It is said that Goethe once remarked that it was easier to rebuke error than to speak truth, and so we often find the young student of Christian Science, in his first enthusiastic attempts to promote the welfare of his fellows, offering unsolicited counsel or even rebukes with a mistaken sense of doing good. After many tests, much stumbling, and further striving, he learns that although this new-found truth requires absolute perfection of every man, its present comprehension and application are still relative, and out of his own oft-repeated mistakes, his seeming defeats and humiliation, there comes to him a larger sympathy and a greater compassion for those whose faults are still apparent. He no longer places the emphasis on the rebuking of the error, but in meekness and humility consecrates himself to living the truth instead.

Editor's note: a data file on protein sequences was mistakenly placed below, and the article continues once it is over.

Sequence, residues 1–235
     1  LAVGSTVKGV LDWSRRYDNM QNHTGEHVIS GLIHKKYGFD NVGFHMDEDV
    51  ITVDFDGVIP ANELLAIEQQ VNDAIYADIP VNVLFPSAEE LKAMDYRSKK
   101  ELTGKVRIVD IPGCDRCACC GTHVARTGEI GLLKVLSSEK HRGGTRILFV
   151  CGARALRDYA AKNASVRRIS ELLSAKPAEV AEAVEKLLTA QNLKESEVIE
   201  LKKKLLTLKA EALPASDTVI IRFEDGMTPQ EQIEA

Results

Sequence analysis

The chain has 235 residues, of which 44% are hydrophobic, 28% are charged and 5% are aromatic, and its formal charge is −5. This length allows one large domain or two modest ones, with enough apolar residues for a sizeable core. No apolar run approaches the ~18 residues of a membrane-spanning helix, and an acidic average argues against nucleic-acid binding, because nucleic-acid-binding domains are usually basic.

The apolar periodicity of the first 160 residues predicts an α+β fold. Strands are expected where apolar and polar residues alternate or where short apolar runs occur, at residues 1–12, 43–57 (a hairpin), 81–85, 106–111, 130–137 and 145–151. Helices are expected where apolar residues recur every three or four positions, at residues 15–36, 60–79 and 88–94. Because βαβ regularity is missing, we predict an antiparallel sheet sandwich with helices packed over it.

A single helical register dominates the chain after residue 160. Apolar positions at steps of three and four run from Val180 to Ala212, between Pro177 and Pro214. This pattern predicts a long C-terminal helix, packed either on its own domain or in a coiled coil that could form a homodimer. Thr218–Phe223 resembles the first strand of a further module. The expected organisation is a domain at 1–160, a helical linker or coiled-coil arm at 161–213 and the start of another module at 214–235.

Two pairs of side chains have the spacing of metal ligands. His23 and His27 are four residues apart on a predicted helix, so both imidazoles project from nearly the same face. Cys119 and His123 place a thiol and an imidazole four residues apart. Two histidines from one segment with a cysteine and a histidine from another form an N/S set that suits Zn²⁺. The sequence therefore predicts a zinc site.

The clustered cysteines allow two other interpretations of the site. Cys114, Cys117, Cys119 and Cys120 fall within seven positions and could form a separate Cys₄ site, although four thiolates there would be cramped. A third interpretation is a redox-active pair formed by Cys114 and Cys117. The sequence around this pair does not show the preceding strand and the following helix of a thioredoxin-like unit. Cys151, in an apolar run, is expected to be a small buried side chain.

As we study the life of Christ Jesus and the method he pursued in his rebuking of sin, we cannot fail to be impressed with the love and compassion he reflected to the individual, though he made no compromise with the error. Either he voiced the truth so that in itself it uncovered to the sinner's consciousness a sense of wrong-doing, or he quietly asked the question which led the offender of his own accord to condemn the offense, and through the spirit of truth which accompanied the question, to awaken to an honest self-analysis and desire for reform. Only as each individual consciousness voluntarily reaches out and receives the illumination of truth, does it separate right from wrong. When the Christian Scientist can thus quickly perceive the thought of another and at the same time reflect enough of truth to meet the need of that one, he will simultaneously uncover and destroy error, and the healing will be instantaneous.

June 11, 1910

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